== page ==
One who assumes to act as an agent thereby warrants, to all who deal with him in that capacity, that he has the authority which he assumes.
One who assumes to act as an agent is responsible to third persons as a principal for his acts in the course of his agency, in
any of the following cases, and in no others:
- When, with his consent, credit is given to him personally in a transaction;
- When he enters into a written contract in the name of his principal, without believing, in good faith, that he has authority to do so; or,
- When his acts are wrongful in their nature.
If an agent receives anything for the benefit of his principal, to the possession of which another person is entitled, he must, on demand, surrender it to such person, or so much of it as he has under his control at the time of demand, on being indemnified for any advance which he has made to his principal, in good faith, on account of the same; and is responsible therefor, if, after notice from the owner, he delivers it to his principal.
The provisions of this Article are subject to the provisions of Part I, Division First, of this Code.
An agent, unless specially forbidden by his principal to do so, can delegate his powers to another person in any of the following cases, and in no others:
- When the act to be done is purely mechanical;
- When it is such as the agent cannot himself, and the sub-agent can lawfully perform;
- When it is the usage of the place to delegate such powers; or,
- When such delegation is specially authorized by the principal.
If an agent employs a sub-agent without authority, the former is a principal and the latter his agent, and the principal of the former has no connection with the latter.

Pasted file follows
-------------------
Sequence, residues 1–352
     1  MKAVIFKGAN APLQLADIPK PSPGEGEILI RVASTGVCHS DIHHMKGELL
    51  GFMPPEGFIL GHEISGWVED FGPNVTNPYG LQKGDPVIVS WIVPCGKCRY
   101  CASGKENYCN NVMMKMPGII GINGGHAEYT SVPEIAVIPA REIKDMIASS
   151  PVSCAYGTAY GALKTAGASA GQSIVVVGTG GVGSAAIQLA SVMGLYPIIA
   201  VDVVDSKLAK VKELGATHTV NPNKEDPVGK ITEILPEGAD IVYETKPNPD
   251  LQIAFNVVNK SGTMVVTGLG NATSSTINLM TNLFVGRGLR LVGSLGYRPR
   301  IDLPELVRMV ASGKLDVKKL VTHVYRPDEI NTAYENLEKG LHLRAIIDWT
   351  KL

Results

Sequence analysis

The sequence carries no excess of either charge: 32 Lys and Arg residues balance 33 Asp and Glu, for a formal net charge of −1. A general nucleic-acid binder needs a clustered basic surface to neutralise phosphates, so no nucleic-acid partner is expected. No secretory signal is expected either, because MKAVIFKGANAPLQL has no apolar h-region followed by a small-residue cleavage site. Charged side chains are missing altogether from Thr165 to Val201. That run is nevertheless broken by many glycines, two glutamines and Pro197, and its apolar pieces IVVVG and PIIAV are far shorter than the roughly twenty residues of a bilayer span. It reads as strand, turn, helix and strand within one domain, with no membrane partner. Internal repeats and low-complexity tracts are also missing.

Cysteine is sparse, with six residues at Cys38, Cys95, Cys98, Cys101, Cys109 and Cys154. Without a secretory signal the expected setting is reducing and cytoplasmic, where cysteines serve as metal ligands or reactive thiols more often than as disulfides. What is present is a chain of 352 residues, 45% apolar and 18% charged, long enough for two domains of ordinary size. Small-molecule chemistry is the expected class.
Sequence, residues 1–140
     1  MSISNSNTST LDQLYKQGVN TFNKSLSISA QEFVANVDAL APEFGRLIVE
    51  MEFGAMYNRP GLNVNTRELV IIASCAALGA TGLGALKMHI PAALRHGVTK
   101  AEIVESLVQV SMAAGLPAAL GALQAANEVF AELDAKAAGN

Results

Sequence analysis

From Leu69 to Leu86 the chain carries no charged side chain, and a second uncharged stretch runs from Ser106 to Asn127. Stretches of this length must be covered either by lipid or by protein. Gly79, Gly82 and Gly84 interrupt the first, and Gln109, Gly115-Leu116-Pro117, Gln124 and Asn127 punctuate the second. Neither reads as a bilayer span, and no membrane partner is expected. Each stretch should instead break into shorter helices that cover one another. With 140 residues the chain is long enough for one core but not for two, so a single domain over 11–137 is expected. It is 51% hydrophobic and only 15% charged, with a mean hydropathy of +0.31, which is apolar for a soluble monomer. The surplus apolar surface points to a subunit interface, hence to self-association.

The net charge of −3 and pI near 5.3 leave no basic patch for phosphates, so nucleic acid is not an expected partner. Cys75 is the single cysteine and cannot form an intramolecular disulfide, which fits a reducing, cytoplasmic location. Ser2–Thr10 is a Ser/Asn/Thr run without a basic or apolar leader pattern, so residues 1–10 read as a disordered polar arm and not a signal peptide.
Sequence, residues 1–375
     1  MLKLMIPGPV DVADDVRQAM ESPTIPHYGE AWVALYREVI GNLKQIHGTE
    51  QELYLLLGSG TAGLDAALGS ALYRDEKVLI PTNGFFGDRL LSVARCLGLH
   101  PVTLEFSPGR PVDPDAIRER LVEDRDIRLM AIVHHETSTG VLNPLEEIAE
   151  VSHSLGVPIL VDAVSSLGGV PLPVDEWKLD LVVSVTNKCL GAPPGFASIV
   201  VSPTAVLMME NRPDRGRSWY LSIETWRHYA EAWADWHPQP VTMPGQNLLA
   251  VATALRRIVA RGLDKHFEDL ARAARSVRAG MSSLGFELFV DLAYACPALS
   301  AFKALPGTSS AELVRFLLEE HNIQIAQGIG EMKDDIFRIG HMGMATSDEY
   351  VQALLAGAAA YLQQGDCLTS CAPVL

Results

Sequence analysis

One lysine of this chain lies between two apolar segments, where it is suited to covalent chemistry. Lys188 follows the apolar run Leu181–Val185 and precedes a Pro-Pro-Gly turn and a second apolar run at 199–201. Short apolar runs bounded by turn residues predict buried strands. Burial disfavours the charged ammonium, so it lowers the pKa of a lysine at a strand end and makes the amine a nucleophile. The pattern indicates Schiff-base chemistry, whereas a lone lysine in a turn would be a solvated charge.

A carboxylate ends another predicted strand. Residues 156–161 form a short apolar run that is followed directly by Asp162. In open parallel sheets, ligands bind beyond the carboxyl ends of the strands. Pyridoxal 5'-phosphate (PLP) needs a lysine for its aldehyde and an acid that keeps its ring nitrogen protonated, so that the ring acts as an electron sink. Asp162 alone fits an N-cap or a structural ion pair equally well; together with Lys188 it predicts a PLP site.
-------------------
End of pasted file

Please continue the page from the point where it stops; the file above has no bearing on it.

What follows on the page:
A sub-agent, lawfully appointed, represents the principal in like manner with the original agent; and the original agent is not responsible to third persons for the acts of the sub-agent.
An agency is terminated, as to every person having notice thereof, by any of the following:
- The expiration of its term.
- The extinction of its subject.
- The death of the agent.
- The agent's renunciation of the agency.
- The incapacity of the agent to act as such.
- Unless the power of an agent is coupled with an interest in the subject of the agency, it is terminated by any of the following:
- Its revocation by the principal.
- The death of the principal.
- The incapacity of the principal to contract.
- Notwithstanding subdivision (a), any bona fide transaction entered into with an agent by any person acting without actual knowledge of the revocation, death, or incapacity shall be binding upon the principal, his or her heirs, devisees, legatees, and other successors in interest.
- Nothing in this section shall affect the provisions of Section 1216.
- With respect to a proxy given by a person to another person relating to the exercise of voting rights, to the extent the provisions of this section conflict with or contravene any other provisions of the statutes of California pertaining to the proxy, the latter provisions shall prevail.
For the purposes of subdivision (b) of Section 2356, in the case of a principal who is an absentee as defined in Section 1403 of the Probate Code, a person shall be deemed to be without actual knowledge of:
- The principal's death or incapacity while the absentee continues in missing status and until the person receives notice of the determination of the death of the absentee by the secretary concerned or the head of the department or agency concerned or the delegate of the secretary or head.
- Revocation by the principal during the period described in subdivision (a).